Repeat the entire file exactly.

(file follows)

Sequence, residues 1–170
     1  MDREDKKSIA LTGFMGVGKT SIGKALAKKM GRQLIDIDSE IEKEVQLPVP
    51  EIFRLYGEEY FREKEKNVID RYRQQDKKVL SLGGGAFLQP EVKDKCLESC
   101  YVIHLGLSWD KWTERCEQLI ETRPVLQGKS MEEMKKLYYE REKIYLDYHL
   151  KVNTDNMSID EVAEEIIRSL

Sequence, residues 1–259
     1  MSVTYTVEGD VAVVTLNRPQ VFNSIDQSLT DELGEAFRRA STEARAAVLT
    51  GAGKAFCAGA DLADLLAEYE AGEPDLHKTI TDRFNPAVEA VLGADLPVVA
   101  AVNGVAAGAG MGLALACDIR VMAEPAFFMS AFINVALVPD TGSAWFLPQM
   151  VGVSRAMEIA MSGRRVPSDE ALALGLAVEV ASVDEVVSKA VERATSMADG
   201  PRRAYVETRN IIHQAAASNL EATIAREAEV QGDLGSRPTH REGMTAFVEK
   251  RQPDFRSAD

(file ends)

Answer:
Sequence, residues 1–170
     1  MDREDKKSIA LTGFMGVGKT SIGKALAKKM GRQLIDIDSE IEKEVQLPVP
    51  EIFRLYGEEY FREKEKNVID RYRQQDKKVL SLGGGAFLQP EVKDKCLESC
   101  YVIHLGLSWD KWTERCEQLI ETRPVLQGKS MEEMKKLYYE REKIYLDYHL
   151  KVNTDNMSID EVAEEIIRSL

Sequence, residues 1–259
     1  MSVTYTVEGD VAVVTLNRPQ VFNSIDQSLT DELGEAFRRA STEARAAVLT
    51  GAGKAFCAGA DLADLLAEYE AGEPDLHKTI TDRFNPAVEA VLGADLPVVA
   101  AVNGVAAGAG MGLALACDIR VMAEPAFFMS AFINVALVPD TGSAWFLPQM
   151  VGVSRAMEIA MSGRRVPSDE ALALGLAVEV ASVDEVVSKA VERATSMADG
   201  PRRAYVETRN IIHQAAASNL EATIAREAEV QGDLGSRPTH REGMTAFVEK
   251  RQPDFRSAD